• girls-from-weintraub

    Nearly Dutch: Handy words & phrases (English Edition) Door: Patrick Gallagher,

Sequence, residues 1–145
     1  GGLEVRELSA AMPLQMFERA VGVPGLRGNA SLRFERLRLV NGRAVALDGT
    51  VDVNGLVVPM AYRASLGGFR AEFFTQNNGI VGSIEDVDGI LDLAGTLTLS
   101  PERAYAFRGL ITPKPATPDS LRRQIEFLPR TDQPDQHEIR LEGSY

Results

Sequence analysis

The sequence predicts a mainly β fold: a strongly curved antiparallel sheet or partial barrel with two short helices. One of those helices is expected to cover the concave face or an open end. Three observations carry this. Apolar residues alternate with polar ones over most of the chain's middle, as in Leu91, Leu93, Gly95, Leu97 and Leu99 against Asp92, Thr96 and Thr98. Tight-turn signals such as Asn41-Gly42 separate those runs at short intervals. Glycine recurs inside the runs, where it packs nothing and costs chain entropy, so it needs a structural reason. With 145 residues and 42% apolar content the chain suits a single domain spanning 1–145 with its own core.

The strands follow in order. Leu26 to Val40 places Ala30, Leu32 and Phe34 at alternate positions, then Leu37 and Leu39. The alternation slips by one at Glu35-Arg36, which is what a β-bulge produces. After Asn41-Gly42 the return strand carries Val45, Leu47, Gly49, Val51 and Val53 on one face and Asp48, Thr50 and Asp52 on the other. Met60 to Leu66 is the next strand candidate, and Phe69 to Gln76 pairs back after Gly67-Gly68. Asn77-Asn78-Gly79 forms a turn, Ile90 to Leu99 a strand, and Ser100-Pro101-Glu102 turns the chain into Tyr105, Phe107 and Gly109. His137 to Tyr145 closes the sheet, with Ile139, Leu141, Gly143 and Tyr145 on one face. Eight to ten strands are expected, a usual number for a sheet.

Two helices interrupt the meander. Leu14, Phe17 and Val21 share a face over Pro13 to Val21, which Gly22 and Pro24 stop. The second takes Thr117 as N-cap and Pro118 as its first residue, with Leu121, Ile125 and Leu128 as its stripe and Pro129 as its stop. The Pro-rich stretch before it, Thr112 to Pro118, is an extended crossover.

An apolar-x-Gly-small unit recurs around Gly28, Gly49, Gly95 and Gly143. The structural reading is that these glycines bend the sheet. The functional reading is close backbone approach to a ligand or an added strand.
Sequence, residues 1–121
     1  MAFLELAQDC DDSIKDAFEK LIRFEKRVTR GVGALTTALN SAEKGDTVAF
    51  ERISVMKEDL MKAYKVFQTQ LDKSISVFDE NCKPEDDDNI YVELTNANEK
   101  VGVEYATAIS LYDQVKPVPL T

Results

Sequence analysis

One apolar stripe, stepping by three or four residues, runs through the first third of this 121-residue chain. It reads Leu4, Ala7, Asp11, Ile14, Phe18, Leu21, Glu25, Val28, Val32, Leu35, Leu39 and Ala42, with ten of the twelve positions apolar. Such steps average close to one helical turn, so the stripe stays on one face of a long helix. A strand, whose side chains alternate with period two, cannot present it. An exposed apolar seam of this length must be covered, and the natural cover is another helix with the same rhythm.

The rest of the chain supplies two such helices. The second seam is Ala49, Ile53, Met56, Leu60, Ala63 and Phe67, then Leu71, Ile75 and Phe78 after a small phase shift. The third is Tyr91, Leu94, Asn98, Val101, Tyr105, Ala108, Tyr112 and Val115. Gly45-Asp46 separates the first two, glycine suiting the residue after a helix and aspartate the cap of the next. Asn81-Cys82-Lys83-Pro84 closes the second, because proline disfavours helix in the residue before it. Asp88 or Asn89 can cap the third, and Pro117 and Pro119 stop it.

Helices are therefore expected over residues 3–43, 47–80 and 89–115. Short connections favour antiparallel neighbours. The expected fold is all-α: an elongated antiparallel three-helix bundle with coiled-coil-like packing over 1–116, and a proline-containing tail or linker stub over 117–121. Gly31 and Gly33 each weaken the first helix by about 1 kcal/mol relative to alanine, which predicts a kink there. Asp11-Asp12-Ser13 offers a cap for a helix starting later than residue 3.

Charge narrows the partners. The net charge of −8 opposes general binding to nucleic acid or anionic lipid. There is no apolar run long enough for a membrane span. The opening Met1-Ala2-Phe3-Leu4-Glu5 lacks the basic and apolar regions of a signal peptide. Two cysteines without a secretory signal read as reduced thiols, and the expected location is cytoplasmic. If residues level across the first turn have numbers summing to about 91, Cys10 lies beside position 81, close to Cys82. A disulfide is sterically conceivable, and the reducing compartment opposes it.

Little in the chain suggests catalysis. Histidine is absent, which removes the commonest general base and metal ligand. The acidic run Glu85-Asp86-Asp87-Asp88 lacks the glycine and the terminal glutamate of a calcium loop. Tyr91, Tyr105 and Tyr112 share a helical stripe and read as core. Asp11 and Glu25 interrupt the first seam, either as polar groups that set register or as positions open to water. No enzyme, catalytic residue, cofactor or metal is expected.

The Nearly Languages series brings together a series of useful words and phrases in many languages compiled over many years. It is a constant work-in-progress, as new words and phrases are added regularly and refinements are made to the content. But please be clear. This is a labour of love from an enthusiast, not an academic work. I compile these books to be of help, not as a substitute for learning the language formally or doing your own research and I take no responsibility for any confusion that arises in your travels. There are some parts that need improvement; collecting the content from many different sources can lead to mistranslation or misunderstanding. The word “second” is a case in point. In English the context makes it clear whether we are referring to a second in time, or something being second in a sequence. It is quite possible that we have picked up the wrong meaning in our travels and research. Similarly, “spring” as a season may have been misunderstood as a piece of coiled wire! That is why we want feedback from our readers. When we have got it wrong, please tell us. Contact details are at the end of the book.There are no hints about pronunciation in the books, apart from those editions where a different alphabet is in common use for the language. In these cases we show the transliteration of the sounds, often next to the word as shown in the local alphabet. And we also do not tend to show the gender of words, although we may move to this in the future.If you want future iterations to include new words or phrases contact me on social media.This series is designed as downloadable e-books for you to carry with you easily and use as you wish. Whether you use it as a “point and see” reference to show to locals to help you get around, or as a way of getting a flavour of a language, is up to you.Whichever editions of this series you choose to use, remember that language is more than a collection of words. The way different nations put their words and phrases together contributes to fluency. You may pick this up from formal tuition or travel. And remember, English idioms don’t translate literally! Few other nations – even English-speaking ones – will understand the phrase “it’s raining cats and dogs!”Each book is split into sections:Greetings; useful little words; getting around; communication, computers & electrics; the weather; personal pronouns; verbs and I; drinks and mealtimes; clothing; money; colours; family; places; body parts; time; seasons; numbers; months; days; emergency services.Send feedback and suggestions for future editions to:Email:nearlylanguages@gmail.comTwitter: @nearlylanguagesFacebook: Nearly Languages (@nearlylanguages)